Come check out the Key Proposals at one of our upcoming open houses. At the meetings you can learn more about whatâ€™s proposed, and chat with staff to share your thoughts and ask questions. Weâ€™ll also have information available about the potential expansion of our urban villages, and the Cityâ€™s proposed Housing Affordability and Livability Agenda.
Open House Dates and Locations
- November 5, 6:00Â to 8:00Â p.m.Â (presentation at 6:30 p.m.)
Leif Erikson Hall
2245 NW 57th St. (Google Map)
- November 7, 9:00 a.m. to 12:00 p.m.(presentation at 10:00 a.m.)
Filipino Community Center (ballroom)
5740 MLK Jr Way S. (Google Map)
Childcare provided for ages 3-10Â
- November 12, 6:00Â to 8:00Â p.m.Â (presentation at 6:30 p.m.)
Senior Center of West Seattle (Hatten Hall)*
4217 SW Oregon St. (Google Map)
- November 14, 9:00 a.m. to 12:00 p.m.(presentation at 10:00 a.m.)
North Seattle College (Old Cafeteria)
9600 College Way N. (Google Map)
Please RSVP at 2035.seattle.gov/calendar/.
Can’t make it to an open house? No problem.Â
You can submit your comments on the Draft Plan through November 20. Hereâ€™s how:
- Join theÂ Seattle 2035 Online Community ConversationÂ at seattle2035.consider.itÂ and discuss the potential pros and cons of Key ProposalsÂ with your fellow Seattleites
- Follow us onÂ FacebookÂ andÂ Twitter
- Review the open house display boards
- Send us your comments by November 20, 2015:
- Email: email@example.com
- Mail comments to the City of Seattle Department of Planning and Development, Attn: Seattle 2035, 700 5th Avenue, Suite 2000, PO Box 34019, Seattle WA 98124-4019.
Your feedback will help shape the Mayor’s Recommended Plan, which will be sent to City Council in early 2016.
We hope to see you at one of our upcoming open houses. Thank you for taking the time to participate in the Seattle 2035 conversation!
Are YOU Prepared for Landslides?
Take action now to protect your property
SEATTLE â€” Did you know that most landslides occur between the months of November and March? As rainfall continues to increase throughout the fall, the threat of landslides will continue to rise this winter.
Landslide season is upon us. Although the Seattle rainfall is currently slightly below the landslide threshold, the City of Seattle is urging residents to take preventive measures to protect themselves and their property from possible landslides.
Most landslides are caused by water (e.g. rainfall, uncontrolled stormwater) or human activity that increases the weight at the top of the slope or reduces the stability at the bottom of the slope.
With 20,000 Seattle properties (mostly residential) in landslide-prone areas, the Department of Planning and Development encourages property owners to take preventive measures to protect themselves from landslides by:
Ã˜Â Checking downspouts; making sure they are functioning/routed to a safe location
Ã˜Â Maintaining drainage systems by clearing away leaves and debris
Ã˜Â Inspecting sloped areas for indications of soil movement and erosion
Ã˜Â Shutting off irrigation systems and checking it out seasonally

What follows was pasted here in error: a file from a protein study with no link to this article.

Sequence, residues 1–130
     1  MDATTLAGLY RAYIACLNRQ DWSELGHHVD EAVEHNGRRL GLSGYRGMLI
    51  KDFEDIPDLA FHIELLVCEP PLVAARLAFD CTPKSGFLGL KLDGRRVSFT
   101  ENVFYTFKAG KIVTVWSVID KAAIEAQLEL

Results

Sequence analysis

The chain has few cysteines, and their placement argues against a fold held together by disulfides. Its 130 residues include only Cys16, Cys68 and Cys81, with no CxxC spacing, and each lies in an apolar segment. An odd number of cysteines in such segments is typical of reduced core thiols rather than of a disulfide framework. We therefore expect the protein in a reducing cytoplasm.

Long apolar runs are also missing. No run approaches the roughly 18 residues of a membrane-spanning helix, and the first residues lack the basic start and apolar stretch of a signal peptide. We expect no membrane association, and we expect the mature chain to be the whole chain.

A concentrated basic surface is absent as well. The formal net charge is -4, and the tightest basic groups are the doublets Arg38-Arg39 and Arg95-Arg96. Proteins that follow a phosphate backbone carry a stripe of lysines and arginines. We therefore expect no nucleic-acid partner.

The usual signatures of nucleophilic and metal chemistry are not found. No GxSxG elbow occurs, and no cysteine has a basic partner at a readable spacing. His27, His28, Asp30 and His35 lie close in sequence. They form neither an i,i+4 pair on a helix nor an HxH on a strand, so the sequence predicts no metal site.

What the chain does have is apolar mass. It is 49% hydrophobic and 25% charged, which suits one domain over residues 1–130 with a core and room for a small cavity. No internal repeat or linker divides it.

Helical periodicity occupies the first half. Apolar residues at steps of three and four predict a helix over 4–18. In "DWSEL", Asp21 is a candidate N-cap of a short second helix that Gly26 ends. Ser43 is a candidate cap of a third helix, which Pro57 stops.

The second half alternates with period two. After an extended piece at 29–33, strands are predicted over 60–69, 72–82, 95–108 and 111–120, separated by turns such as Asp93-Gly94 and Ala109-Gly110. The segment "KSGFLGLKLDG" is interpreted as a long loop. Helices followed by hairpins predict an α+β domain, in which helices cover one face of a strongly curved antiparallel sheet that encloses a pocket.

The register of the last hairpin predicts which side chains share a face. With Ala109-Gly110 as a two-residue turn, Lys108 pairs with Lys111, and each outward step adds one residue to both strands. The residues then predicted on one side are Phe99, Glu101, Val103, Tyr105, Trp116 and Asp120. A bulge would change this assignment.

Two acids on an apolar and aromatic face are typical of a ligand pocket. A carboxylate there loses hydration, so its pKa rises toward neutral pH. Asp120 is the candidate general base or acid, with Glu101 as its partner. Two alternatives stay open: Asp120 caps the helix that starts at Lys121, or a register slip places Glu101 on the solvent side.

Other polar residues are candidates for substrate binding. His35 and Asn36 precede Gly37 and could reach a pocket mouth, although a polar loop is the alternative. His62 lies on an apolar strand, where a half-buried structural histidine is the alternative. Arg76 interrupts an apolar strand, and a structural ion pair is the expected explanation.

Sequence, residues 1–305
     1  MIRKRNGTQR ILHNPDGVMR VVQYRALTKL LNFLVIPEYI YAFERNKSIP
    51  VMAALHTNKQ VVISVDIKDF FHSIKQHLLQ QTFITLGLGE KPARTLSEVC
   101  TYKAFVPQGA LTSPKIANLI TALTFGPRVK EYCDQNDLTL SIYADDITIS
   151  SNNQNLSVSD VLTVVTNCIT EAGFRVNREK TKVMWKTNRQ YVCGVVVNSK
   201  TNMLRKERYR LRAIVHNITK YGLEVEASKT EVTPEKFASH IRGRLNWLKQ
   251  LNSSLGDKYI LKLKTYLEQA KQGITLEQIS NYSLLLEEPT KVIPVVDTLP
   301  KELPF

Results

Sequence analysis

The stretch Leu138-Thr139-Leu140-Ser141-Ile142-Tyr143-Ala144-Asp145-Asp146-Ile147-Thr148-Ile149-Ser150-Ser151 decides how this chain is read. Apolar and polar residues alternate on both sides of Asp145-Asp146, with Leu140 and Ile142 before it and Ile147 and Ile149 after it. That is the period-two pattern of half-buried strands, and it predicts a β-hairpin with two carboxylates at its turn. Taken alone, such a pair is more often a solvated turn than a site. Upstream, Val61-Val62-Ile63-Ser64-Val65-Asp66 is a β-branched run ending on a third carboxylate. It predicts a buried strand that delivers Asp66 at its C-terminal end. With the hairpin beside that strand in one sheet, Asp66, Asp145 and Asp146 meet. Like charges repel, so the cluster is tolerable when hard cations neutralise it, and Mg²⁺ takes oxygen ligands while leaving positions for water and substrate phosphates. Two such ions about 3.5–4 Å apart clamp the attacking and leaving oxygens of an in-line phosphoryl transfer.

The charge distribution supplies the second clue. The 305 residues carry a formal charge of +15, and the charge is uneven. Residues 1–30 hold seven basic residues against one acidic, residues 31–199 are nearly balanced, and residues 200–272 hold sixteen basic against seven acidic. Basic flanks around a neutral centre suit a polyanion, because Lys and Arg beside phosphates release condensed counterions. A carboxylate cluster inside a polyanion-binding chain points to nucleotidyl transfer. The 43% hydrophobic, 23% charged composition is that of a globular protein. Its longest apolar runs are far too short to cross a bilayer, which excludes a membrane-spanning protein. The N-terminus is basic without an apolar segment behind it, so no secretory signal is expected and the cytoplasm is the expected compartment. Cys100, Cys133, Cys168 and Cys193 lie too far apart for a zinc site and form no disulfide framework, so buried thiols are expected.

Ã˜Â Keeping fill and yard waste off slopes
Ã˜Â Knowing when to seek professional help for hillside projects
Visit our website to understand if youâ€™re at risk and how to be prepared. Helpful tools include:
- Landslide tutorial
- Interactive GIS Map
- Landslide Prone Area Map
- Doâ€™s & Donâ€™ts
If a landslide damages your property and you have an immediate concern for your safety, leave the premises and call 9-1-1. Seattle property owners with structures that may be affected or endangered by a landslide should also contact DPD at (206) 615-0808 so that a building inspector can respond and perform an initial assessment of the structure.
To view the current conditions of the USGS rainfall threshold for landslides, please visit: http://landslides.usgs.gov/monitoring/seattle/rtd/plot.php
Landmarks Preservation Board to consider nomination of the building at 701 â€“ 9th Avenue N for landmark status
October 15, 2015 (Seattle, WA) â€“ Seattleâ€™s Landmarks Preservation Board will consider nomination of the building at 701 â€“ 9th Avenue N on Wednesday, November 4 at 3:30 p.m. in the Seattle Municipal Tower, 700 5th Avenue, 40th Floor (Room 4060).
The public is invited to attend the meeting and make comments. Written comments should be received by the Landmarks Preservation Board at the following address by November 3 at 3:00 p.m.:
Seattle Landmarks Preservation Board
Seattle Department of Neighborhoods
PO Box 94649
Seattle, WA 98124-4649 (mailing address)
A copy of the Landmark Nomination is available for public review at the Central Library (1000 4th Ave) and at the Seattle Department of Neighborhoods office in the Seattle Municipal Tower, 700 5th Ave, Suite 1700 (206-684-0228). The nomination is also posted to the Seattle Department of Neighborhoods website, seattle.gov/neighborhoods/preservation/landmarks.htm, under the heading of â€œCurrent Nominations.â€
Expect closures along the AWV during Halloween weekend
Both directions of SR 99 will be closed between South Spokane Street and the north end of the Battery Street Tunnel from 6:00 a.m. to 6:00 p.m. on both Saturday, Oct. 31 and Sunday, Nov. 1.